The bed has invited fire; a cluster of raging clouds.

Who will stay afloat? I will, so will you.

Seven waves up your shore, father. Where will you go?

Night has crept in like a mouse, sniffing for your heart.

Let it feed off you. Let it nourish its house. A call so close –

Who can move away? Neither can I, nor you.


II

Autumn, like the hands of my mother,

Has fallen short of pain.

It has rowed a boat for too long

Over the clumsy waters of time;

Sunk into reedy pits, pungent histories;

Sung a song or two of trees

And lemony daughters.

But, now there’s an ever-yawning hole

Under the begging bowl

Where the cold of last winter crept in.

Mother, like autumn, now returns home

Alone, in suspended glory.

Author of August Ache, Sahana Mukherjee is a Junior Research Fellow at the Department of English, Jadavpur University. She is currently finishing her MPhil thesis entitled, ‘Poetry and the Location of Dreaming in Kashmir’. She won the 2017 Charles Wallace fellowship in Creative Writing at the University of Edinburgh.

Advertisements

Poetry | ‘You Will Never Know’, ‘I Was Not Born This Way’ by Priyanjali Negi (15) | School Student Writing

You Will Never Know

It has been almost a year since you left us alone,
And here I lie on my bed recollecting our last conversation over the phone.
Far away from each other,
But the emotions in our hearts were the same.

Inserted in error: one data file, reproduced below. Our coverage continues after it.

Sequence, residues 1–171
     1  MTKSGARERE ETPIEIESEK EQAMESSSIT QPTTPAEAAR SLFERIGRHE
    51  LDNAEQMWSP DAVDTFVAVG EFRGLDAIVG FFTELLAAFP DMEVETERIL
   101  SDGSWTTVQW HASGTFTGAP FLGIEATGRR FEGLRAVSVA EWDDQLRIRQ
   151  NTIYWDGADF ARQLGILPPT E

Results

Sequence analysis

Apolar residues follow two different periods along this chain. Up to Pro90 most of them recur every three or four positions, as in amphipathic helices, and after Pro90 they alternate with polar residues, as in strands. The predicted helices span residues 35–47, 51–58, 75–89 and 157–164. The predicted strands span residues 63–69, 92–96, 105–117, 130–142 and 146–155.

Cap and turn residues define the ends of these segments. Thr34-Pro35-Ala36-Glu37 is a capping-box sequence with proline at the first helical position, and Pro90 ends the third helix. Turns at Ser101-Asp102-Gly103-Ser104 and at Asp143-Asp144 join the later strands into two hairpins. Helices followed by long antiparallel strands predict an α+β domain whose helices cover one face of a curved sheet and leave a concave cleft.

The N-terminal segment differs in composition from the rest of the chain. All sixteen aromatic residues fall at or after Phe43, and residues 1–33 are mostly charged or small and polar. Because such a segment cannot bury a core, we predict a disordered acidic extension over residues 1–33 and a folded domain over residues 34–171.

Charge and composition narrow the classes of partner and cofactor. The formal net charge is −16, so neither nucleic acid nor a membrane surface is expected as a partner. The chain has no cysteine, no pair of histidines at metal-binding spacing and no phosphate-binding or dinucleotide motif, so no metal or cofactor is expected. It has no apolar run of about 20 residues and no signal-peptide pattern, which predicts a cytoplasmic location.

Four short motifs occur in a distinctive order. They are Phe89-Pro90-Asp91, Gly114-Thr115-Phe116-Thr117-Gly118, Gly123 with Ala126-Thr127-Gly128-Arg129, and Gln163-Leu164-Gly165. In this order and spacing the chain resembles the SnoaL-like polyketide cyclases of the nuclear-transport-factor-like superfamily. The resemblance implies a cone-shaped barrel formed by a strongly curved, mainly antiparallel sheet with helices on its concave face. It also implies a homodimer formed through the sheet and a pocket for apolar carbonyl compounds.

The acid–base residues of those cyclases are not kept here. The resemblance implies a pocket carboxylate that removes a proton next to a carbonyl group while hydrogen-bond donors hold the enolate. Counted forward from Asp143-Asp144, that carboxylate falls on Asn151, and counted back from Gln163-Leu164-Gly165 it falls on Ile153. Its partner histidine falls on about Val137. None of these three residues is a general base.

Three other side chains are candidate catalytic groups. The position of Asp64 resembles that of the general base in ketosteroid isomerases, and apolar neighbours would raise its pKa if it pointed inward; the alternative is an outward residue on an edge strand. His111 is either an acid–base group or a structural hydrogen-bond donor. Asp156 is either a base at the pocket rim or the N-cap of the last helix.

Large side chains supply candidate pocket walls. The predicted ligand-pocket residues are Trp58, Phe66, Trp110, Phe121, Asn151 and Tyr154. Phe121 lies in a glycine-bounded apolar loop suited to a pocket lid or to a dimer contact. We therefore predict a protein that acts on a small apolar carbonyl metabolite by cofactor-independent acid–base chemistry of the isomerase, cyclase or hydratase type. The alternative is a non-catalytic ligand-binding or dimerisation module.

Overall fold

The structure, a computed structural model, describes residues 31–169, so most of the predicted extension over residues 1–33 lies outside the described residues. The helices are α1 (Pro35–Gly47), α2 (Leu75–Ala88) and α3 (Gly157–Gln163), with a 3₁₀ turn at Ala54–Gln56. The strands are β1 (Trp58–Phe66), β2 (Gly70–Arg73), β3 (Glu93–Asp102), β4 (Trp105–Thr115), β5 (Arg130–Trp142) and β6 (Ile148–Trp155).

My own little brother, 
And I never knew how well he played this hiding game.
During that silence, I went down memory lane.
It seemed quite pleasant then,
But now it pricks my heart causing a severe pain.
Remember, how once in school you were dressed as a fairy 
Is it okay to say that your absence has now become hard to carry?
These old videotapes of you with dad,
Just makes me more helpless and profoundly sad.
Do you know? I still send you messages on the phone.
I still make coffee and listen to “Here Comes the Sun” until dawn.  
No one knows that I sleep with your photo under my bed,
So that when you go to sleep you come to kiss me on my forehead.
I guess you will never know that I still divide my Maggi into equal halves of two,
And trust me.
There are times; I wish I were dead instead of you.


I Was Not Born This Way

I was not born this way
I know I am not unique,
And my thoughts do not belong here.
That is what makes me unable to speak,
And people think I don’t care.

I like to be alone,
I like to stay quiet,
There is an unseen pain in my tone,
As if each day my survival depends on a fight.

A fight not with the people,
A fight not with the world,
But a fight with the evil,
Which on my behalf is truly undeserved.

I sometimes wonder what I have grown into,
And wish for the child in me back.
The child who was always happy,
The child who was never sad.
The child who would be probably be laughing at me,
Looking at the things that I now lack.

Priyanjali Negi is a 15-year-old student from Delhi. She studies at Carmel Convent School. Her favourite poets is Alfred Tennyson and her favourite writer is Ruskin Bond.